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A Touch of Spring


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This one is for another quiz that appeared at the Attic. It will be incorporated into In Sheep's Clothing at some point.


The song was one that made the rounds at the local Ren Fair.



“What is the name of this festival?†Delainy asked, her eyes darting furtively back and forth among the throng of boisterous throng of people,


“Greengrass,†replied a pleasant voice to the werewolf’s right, a voice that sent a reassuring thrill down her spine.


“Very…descriptive,†Delainy dryly said, “Are there always this many people Nalia?â€Â


The werewolf felt a slight hand press gently on the crook of her elbow, and slowly dragged her out from among the crowd.


“There are usually more,†explained Nalia’s warm mezzo, “Given the troubles we’ve had as of late, I’m just glad to see this many people taking part.â€Â


Nalia’s gaze settled on her friend, and saw a tinge of green in her friend’s cheeks…and the redness of her eyes.


“What’s wrong Delainy?†asked Nalia, “Did someone slip you some whiskey again?â€Â


“Gods, I hope not†muttered Nalia, quickly looking for the quickest route away from the celebrating multitude. The noble’s urgency was quickened as she remembered the veritable deluge of blood unleashed by the drunken werewolf when someone thought it would make Delainy more…amenable…for a roll in the hay if she was drunk.


I had to burn the robes…I never did get all the blood out thought Nalia, suddenly seeing a parting of the crowd.


“This way,†she cried, her hand locked on the werewolf’s…only to be brought up short as Delainy refused to move.


“I’m not drunk,†growled Delainy, “It’s just all these people and…â€Â


“What about these people?†interrupted Nalia, “Don’t tell me there are too many. I saw you make your way through Athkatla.â€Â


Delainy sighed, “May I finish? It’s all these people and the flowers they are wearing. It’s causing hell on my senses. In the woods, it wouldn‘t bother me…the breeze would carry their smell away. Here…â€Â


Nalia looked guiltily down at her tunic, the garland of flowers a riot of color on the eyes. It contained almost every flower she knew, such as purple foxglove, white daisies, yellow daffodils, orange chrysanthemums, and purple violets, most of whom had been grown indoors specially for the celebration.


“It is traditional…†Nalia said quietly, regretfully fingering the garland the youngest page had presented to her.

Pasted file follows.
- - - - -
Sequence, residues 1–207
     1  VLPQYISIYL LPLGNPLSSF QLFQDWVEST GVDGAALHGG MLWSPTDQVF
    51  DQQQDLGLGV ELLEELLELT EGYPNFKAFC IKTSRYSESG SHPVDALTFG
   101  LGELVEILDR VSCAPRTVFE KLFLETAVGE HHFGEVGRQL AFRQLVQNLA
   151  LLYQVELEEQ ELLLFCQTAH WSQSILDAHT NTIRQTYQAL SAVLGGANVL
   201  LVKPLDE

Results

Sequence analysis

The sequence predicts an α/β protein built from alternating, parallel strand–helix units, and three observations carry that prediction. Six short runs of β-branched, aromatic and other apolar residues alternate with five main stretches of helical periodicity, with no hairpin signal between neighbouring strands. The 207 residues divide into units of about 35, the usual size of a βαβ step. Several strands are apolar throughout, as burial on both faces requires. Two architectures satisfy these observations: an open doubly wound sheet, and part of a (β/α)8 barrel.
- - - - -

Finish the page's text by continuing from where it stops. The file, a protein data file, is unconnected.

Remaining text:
“I know,†said Delainy, “So, why did you drag me out here? I was planning on going for a good run…â€Â


Nalia pointed toward a small circle of people laughing and clapping, “I know how you like to hear new songs and stories…â€Â


“Songs?†Delainy whined eagerly, the werewolf‘s enthusiasm overcoming the affects of the blooms, “Why didn’t you say so…â€Â


Nalia started to chuckle as she could picture Delainy’s tail wagging at the treat, then the sound died in her throat as the image clashed with the morals she professed.


“Aren’t you coming?†asked Delainy.


Nalia shook her head, “I have other business to attend to. I will see you this evening…enjoy.â€Â


Nalia reluctantly turned around, as she heard the troubadour start to sing:


“Come gather all ye fellows

And lift a cup to memory

Of a common working fellow

Much the same as you and me

He was a simple goose-herd

A poor but happy working man

When the King's guard came to see him

And gather taxes in this land


When the guards came calling

The goose-herd said he'd try to pay

But he hadn't any money

To send off in the usual way

So he went out to his goose-pens

To choose the finest in his herd

And he told the waiting guardsmen

He'd like to give the King the bird


The captain's face was livid

‘You cannot speak so of the king’

So they took him to the Baron

To have Peer explain the thing

But the goose-herd was determined

He was a man true to his word

‘If I cannot pay in money

Then I shall give the King the bird’


Oh the Baron took to shouting

‘A court of nobles should convene

To keep this peasant quiet

And keep such rabble from our king’

So they gathered all the peerage

But still the man would not be swerved

‘If I cannot pay may taxes

Then I should give the King the bird’


They were ready for a lynching

When in the King's own herald came

He cried out he had the answer

Keep silence in the King's own name

He approached the goose-herd kindly

‘You see you poorly chose your words

It is not the proper etiquette

To try to give the King the bird’

Then the goose-herd seemed to brighten

As if a light came to his head

‘If I cannot give the king the bird

I'll give the queen a goose instead’â€Â

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